Many years since we last met, writes Cissie, and she expects we have both changed a good deal. P.S. Do I remember the dear old pond, and the day of the Spanish Arrowroot. Can recall, after some thought, dear old pond, at bottom of Cissie's father's garden, but am completely baffled by Spanish Arrowroot. (Query: Could this be one of the Sherlock Holmes stories? Sounds like it.)
Reply that we shall be delighted to see her, and what a lot we shall have to talk about, after all these years! (This, I find on reflection, is not true, but cannot re-write letter on that account.) Ignore Spanish Arrowroot altogether.
Robert, when I tell him about dear old school-friend's impending arrival, does not seem pleased. Asks what we are expected to do with her. I suggest showing her the garden, and remember too late that this is hardly the right time of the year. At any rate, I say, it will be nice to talk over old times—(which reminds me of the Spanish Arrowroot reference still unfathomed).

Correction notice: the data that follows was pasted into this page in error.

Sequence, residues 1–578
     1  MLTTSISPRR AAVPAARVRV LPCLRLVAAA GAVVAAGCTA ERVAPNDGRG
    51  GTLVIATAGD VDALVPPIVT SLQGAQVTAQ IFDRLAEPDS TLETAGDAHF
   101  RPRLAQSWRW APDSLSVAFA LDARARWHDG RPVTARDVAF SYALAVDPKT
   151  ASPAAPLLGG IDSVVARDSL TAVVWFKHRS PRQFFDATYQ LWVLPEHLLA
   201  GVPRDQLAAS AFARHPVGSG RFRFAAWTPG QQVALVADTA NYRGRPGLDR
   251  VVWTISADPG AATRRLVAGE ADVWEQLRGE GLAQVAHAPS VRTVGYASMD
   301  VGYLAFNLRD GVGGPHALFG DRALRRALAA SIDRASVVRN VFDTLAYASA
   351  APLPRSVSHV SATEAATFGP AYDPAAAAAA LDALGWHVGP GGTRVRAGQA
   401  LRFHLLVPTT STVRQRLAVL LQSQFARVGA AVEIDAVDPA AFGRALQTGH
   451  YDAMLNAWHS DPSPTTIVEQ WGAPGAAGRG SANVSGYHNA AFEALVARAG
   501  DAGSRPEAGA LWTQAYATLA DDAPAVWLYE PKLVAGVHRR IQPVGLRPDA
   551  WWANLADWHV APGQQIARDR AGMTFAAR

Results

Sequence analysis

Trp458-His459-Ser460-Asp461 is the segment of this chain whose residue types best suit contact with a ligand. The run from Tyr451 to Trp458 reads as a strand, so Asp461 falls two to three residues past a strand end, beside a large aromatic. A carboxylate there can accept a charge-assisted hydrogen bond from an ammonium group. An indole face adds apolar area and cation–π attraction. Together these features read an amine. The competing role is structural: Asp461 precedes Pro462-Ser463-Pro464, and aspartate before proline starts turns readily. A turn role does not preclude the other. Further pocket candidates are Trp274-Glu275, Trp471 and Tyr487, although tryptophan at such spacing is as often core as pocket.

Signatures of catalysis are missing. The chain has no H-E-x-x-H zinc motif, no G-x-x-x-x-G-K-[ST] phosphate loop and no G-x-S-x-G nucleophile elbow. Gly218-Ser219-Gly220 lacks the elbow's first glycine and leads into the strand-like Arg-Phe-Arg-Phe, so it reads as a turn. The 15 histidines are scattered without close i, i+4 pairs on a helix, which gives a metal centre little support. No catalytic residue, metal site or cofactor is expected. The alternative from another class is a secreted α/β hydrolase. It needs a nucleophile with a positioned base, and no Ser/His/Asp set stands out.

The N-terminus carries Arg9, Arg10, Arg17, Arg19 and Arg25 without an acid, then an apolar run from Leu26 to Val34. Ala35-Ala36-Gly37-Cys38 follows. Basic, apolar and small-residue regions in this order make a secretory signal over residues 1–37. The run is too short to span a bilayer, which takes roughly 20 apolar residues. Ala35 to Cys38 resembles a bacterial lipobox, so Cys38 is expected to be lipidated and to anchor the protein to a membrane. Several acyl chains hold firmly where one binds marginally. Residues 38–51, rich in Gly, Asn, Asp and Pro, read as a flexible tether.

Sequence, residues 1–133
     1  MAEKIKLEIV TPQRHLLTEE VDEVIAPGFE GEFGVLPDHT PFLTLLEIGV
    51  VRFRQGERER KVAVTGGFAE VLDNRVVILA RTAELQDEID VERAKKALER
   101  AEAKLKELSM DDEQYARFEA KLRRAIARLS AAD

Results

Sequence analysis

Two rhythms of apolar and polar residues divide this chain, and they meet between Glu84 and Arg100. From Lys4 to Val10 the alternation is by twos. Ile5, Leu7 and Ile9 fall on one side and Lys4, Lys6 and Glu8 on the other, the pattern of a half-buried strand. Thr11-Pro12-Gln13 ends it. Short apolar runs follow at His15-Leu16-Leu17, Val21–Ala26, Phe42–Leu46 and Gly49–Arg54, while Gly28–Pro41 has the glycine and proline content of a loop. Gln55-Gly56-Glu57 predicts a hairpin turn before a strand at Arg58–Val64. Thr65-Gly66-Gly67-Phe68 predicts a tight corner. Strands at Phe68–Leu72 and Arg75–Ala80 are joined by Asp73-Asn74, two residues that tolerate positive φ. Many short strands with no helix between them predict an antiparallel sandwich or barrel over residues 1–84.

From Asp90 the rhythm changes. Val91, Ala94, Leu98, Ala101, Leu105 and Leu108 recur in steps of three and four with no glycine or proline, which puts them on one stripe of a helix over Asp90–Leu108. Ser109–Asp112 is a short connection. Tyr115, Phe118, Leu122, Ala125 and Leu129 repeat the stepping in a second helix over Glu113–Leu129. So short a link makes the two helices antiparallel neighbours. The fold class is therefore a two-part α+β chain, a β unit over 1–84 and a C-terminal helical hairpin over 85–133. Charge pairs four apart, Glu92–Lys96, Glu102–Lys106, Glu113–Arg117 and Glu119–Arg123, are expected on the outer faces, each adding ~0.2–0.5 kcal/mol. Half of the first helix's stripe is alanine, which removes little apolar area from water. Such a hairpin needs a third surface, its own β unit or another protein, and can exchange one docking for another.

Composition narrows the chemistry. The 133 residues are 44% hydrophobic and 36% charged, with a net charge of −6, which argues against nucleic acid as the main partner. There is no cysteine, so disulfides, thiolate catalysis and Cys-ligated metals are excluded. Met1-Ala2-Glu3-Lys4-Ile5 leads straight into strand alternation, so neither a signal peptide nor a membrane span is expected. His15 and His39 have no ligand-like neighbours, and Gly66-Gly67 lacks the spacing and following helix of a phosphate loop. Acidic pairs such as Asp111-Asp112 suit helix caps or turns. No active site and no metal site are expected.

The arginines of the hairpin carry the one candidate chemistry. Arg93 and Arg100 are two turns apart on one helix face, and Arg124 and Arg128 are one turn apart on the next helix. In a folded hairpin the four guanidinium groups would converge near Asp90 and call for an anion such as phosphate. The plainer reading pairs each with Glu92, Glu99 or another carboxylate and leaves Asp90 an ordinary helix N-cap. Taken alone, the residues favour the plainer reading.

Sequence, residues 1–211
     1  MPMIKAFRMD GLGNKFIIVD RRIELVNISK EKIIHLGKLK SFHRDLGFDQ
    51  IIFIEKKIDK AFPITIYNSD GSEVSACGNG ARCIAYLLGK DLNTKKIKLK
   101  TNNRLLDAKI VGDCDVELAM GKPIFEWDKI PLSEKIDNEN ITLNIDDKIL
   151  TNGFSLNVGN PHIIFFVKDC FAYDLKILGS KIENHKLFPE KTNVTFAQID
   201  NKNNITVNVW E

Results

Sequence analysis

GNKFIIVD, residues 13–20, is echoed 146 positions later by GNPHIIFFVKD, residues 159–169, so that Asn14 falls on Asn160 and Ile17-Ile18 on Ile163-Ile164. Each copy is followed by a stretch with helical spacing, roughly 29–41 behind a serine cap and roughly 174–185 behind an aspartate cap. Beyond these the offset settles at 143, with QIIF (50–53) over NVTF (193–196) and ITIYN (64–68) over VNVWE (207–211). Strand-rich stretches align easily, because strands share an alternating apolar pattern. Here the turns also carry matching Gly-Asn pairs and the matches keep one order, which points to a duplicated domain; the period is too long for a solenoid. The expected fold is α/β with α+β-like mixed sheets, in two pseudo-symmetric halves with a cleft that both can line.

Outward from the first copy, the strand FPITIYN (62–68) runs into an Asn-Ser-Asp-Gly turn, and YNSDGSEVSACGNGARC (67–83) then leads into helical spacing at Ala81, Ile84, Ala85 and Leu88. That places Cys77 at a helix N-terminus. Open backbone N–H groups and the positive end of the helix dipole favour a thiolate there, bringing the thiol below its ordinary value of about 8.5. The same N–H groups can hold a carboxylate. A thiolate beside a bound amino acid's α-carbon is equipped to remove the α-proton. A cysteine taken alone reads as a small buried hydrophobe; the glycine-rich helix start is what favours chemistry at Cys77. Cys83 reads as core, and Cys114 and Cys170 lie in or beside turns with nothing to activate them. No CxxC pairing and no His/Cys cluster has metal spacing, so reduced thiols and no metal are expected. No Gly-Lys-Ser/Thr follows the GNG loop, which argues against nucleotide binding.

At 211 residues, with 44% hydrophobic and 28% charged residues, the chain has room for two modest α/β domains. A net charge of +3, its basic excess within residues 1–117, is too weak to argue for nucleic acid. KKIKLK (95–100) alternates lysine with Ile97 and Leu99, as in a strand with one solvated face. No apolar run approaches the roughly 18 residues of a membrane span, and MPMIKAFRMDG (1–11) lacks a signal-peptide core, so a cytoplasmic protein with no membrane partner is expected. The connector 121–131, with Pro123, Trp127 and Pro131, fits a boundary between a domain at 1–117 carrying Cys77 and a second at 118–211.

Speak to Ethel about the spare room, and am much annoyed to find that one blue candlestick has been broken, and the bedside rug has gone to the cleaners, and cannot be retrieved in time. Take away bedside rug from Robert's dressing-room, and put it in spare room instead, hoping he will not notice its absence.
November 15th.—Robert does notice absence of rug, and says he must have it back again. Return it to dressing-room and take small and inferior dyed mat from the night-nursery to put in spare room. Mademoiselle is hurt about this and says to Vicky, who repeats it to me, that in this country she finds herself treated like a worm.